Ethnic minorities missing out on care
Posted: August 11, 2014
Posted in: Medical Negligence
A cancer charity has revealed that patients of an ethnic minority are not receiving adequate care in Wales. Marie Curie Cancer Care found that factors such as language barriers and dietary requirements were getting in the way of people of an ethnic minority receiving the end-of-life care they require. The charity compiled a report to highlight the inequality of care in Cardiff.
With over 15% of Cardiff’s population made up of Black, Asian and Minority Ethnic communities (BAME), the charity said that the issue had to be addressed immediately. The report found that in many cases GPs were reluctant to suggest hospices to members of ethnic minority groups due to concerns over lifestyle differences. This has left many people without the care that they need and deserve.
“to enable equal access to our services”
A community development officer at Marie Curie, Shameem Nawaz, said that the report illuminated a general lack of knowledge surrounding the care needs of individuals from BAME groups. She raised the point that there was a general misconception that people from other cultures prefer to care for the sick and elderly at home, as opposed to seeking external care. She said: “We’ve been trying to overcome the barriers identified to enable equal access to our services and offer patient support”.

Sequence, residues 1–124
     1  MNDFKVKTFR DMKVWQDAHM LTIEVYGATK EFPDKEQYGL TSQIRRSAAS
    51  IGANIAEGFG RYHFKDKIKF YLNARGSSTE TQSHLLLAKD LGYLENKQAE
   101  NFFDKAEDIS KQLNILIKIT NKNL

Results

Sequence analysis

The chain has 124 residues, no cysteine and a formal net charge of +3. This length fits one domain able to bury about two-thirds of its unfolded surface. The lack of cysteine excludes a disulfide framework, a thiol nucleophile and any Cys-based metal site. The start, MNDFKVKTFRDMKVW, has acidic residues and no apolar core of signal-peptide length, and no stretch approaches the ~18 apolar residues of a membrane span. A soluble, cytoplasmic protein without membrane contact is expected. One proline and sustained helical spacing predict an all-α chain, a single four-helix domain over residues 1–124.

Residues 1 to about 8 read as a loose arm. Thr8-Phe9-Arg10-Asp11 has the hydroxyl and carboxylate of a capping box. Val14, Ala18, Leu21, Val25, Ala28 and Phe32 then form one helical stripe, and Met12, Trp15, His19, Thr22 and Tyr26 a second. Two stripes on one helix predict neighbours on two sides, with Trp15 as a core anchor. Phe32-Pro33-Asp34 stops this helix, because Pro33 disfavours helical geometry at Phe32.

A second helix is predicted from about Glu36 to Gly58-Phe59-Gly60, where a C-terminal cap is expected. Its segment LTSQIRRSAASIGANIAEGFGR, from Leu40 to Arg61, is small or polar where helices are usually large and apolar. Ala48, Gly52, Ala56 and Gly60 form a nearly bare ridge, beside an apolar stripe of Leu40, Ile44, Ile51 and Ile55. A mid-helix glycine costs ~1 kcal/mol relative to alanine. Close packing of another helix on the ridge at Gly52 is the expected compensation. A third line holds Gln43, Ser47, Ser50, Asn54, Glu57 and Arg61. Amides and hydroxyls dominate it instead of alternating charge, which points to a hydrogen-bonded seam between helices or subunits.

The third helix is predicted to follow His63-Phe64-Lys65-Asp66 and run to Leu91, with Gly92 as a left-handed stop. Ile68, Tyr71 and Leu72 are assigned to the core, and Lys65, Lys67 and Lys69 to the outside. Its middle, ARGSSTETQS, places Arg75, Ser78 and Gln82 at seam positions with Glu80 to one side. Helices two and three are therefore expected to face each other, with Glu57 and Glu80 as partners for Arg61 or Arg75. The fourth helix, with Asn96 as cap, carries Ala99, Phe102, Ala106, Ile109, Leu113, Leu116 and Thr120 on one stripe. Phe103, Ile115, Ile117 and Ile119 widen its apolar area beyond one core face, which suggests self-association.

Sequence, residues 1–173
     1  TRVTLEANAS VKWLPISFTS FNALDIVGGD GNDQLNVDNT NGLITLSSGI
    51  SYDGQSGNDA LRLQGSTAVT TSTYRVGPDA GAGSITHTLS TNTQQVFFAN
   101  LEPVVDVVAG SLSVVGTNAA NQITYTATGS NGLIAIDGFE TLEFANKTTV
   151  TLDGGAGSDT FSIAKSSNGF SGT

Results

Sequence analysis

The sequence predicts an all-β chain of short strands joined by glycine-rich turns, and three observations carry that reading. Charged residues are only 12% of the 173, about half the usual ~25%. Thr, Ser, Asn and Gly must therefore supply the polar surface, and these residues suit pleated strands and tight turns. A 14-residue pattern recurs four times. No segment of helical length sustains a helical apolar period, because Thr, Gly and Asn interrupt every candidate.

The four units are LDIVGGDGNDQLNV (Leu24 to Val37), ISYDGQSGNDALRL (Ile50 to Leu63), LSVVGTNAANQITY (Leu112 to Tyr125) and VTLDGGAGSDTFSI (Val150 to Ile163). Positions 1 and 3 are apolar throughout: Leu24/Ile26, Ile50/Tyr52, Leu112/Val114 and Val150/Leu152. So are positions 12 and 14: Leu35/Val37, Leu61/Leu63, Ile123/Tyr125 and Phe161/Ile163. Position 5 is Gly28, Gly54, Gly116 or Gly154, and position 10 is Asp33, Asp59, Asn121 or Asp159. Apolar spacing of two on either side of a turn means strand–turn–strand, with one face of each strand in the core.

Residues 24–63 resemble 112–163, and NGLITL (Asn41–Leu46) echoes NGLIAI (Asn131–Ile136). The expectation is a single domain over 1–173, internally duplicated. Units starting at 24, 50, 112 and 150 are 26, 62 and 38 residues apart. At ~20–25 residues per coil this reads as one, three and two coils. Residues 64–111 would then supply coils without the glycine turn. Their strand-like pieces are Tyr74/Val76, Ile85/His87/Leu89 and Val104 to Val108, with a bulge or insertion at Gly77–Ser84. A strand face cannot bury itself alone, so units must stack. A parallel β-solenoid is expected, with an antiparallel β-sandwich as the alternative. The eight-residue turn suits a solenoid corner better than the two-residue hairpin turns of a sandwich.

The charity has already set up a communal prayer room for people of all faiths in a hospice in Penarth. In addition to this, the hospice has its own chef who can cater for all the individual dietary requirements.
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